Swords v. Cthulhu is our newest genre-blending anthology of original fiction, and as it shambles toward its summertime publication we’re going to be posting excerpts from each of the stories. Our next teaser is from John Hornor Jacobs’ “The Children of Yig.” It’s a bloody vision of the Viking age, where a young woman with nothing to lose and everything to prove must hold her own against perils as extreme as any in the sagas…
Grislae bent her back to the sea.
The face of ocean was dead and still. Mist hung about the longship Reinen and drizzle fell in gauzy streamers. No breath of wind stirred the sails. It was warmer here in the south, and what land they could see, flatter, the barest inkstroke on the horizon.
Oars creaked as Heingistr’s company strained. Hoensa, Rill, Svebder, Uvigg, Snurri – the blooded men who did not row – watched the shore as it slowly passed.
“The shape of the land is familiar,” said Hoensa, squinting his eyes against the gloom. “We raided what farms we could find, five winters past, but the ones near here we spared for future plucking.” He slapped the bulkhead. “Our shields were wet from plunder and we could let these pass.”
Grislae sank her oar into the water and pulled. She had found her rhythm among the men from Heingistrhold. At first her hands had blistered, but only a little, since they were accustomed to plow and rope and the labors of the farm.
At the covered stern of the Reinen, over a small touchwood brazier, huddled Urtha and Wen–wives to Hoensa and Rill. The women would not let their husbands raid without their company. Their cooking. Their guidance. And because Heingistr did not meddle in the affairs of husbands and wives, he allowed this as his father had before him. Indeed, it spared him from eating what his men might cook.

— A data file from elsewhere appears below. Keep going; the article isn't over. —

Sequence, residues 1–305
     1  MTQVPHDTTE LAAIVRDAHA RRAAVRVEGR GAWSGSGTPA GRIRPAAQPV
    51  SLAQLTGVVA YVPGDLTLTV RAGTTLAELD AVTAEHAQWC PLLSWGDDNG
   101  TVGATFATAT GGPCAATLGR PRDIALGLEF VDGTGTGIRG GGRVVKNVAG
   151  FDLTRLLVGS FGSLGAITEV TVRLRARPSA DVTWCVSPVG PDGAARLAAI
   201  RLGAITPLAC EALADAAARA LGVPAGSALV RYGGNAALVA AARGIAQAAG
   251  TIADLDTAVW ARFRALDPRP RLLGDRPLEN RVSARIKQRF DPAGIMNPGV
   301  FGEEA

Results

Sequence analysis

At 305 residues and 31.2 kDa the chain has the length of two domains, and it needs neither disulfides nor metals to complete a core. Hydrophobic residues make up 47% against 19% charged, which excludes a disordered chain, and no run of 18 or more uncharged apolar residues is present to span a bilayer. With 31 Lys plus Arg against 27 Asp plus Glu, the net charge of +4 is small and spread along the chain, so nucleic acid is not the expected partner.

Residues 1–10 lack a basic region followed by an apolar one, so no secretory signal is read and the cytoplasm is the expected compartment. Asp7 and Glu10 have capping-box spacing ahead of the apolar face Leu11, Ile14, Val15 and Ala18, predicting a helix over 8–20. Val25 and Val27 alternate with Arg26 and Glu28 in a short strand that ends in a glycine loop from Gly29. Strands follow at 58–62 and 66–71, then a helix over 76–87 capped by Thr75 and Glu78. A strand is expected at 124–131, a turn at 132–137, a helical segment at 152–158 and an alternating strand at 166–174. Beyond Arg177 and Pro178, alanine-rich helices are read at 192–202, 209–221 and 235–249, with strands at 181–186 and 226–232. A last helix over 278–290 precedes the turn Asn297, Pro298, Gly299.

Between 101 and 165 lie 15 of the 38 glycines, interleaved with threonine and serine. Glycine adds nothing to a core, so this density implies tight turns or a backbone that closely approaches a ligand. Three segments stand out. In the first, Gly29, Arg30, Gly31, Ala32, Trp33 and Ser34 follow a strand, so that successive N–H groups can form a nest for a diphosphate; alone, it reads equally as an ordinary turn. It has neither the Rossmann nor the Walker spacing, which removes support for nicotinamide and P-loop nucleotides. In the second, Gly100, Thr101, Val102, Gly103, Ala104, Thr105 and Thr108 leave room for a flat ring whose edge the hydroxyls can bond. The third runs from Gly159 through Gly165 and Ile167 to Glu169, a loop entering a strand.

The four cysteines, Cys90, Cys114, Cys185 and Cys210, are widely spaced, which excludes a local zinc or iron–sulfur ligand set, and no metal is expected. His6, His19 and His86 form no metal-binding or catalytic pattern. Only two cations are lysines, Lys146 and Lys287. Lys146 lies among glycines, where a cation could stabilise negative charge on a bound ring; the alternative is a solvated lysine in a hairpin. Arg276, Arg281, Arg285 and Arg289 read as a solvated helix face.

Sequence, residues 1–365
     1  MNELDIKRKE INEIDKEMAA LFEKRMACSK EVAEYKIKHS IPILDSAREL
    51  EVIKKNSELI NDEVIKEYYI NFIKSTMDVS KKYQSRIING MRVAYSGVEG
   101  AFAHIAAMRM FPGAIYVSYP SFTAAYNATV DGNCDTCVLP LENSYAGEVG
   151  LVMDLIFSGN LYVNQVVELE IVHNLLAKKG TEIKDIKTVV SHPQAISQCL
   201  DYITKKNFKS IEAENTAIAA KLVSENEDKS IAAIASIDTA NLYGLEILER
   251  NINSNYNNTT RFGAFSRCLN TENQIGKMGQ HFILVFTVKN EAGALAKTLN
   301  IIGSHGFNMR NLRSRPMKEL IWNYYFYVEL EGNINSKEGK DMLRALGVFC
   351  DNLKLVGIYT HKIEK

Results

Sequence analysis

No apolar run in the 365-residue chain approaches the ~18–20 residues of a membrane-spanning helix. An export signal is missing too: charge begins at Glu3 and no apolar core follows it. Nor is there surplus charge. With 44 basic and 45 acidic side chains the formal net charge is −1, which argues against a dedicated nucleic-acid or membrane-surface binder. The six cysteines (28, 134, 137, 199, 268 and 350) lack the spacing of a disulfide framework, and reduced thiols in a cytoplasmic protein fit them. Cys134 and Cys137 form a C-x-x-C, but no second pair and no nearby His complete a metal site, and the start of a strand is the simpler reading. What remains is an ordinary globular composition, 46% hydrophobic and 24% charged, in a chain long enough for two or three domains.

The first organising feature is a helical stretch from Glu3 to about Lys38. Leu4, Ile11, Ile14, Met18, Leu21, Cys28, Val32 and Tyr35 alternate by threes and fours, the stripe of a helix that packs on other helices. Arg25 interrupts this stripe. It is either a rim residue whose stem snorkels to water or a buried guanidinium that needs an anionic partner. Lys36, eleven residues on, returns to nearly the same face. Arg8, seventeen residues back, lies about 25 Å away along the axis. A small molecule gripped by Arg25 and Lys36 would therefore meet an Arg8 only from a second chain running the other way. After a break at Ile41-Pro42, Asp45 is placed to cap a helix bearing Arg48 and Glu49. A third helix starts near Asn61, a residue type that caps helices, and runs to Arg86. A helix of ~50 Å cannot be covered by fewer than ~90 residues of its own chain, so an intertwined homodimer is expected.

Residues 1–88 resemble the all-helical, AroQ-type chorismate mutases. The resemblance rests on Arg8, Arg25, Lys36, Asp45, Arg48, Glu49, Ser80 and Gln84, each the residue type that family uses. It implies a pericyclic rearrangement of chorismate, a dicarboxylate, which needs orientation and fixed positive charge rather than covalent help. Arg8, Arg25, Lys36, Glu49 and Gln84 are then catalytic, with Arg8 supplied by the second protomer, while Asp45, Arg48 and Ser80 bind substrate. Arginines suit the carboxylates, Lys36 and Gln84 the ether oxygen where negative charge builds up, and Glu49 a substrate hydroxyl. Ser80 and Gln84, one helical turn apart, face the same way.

Urtha scowled at Grislae’s garb when she boarded the Reinen, noting her helm, her boiled leather tunic. Her sword.
“You are Ordbeg the Boy-Lover’s daughter, are you not?” Urtha said as Grislae hung her shield over the gunwale. The shield had been her father’s, but she’d repainted it.
Svebder and Snurri chuckled. Grislae looked at the women. They called her father “Boy-Lover” in derision because he would not kill children. Last Imbolc he was coughing blood, and by the Festival of Eostre, he was dead , his incessant retching so odious the end came as a relief. She didn’t weep. She swore she’d never pick up another hoe or scythe another hayfield. She dug his grave, placed him in it, and built a cairn. It was her last spring sowing. Her father’s sword and shield and wealth she kept, and placed nothing in the grave with him. Then, back aching, she drank as much mead as her belly would hold, sitting in the dim silence of their farmhouse—leagues away from Heingistrhold and any other soul—and drew Ordbeg’s sword from its scabbard and watched the firelight flicker down its length…
For the rest, get Swords v. Cthulhu from Stone Skin Press
John Hornor Jacobs is the author of Southern Gods, This Dark Earth, The Twelve-Fingered Boy, The Shibboleth, The Conformity, The Incorruptibles, and Foreign Devils. He makes his home in the South of America. You can learn more of him at JohnHornorJacobs.com or on Twitter at @johnhornor.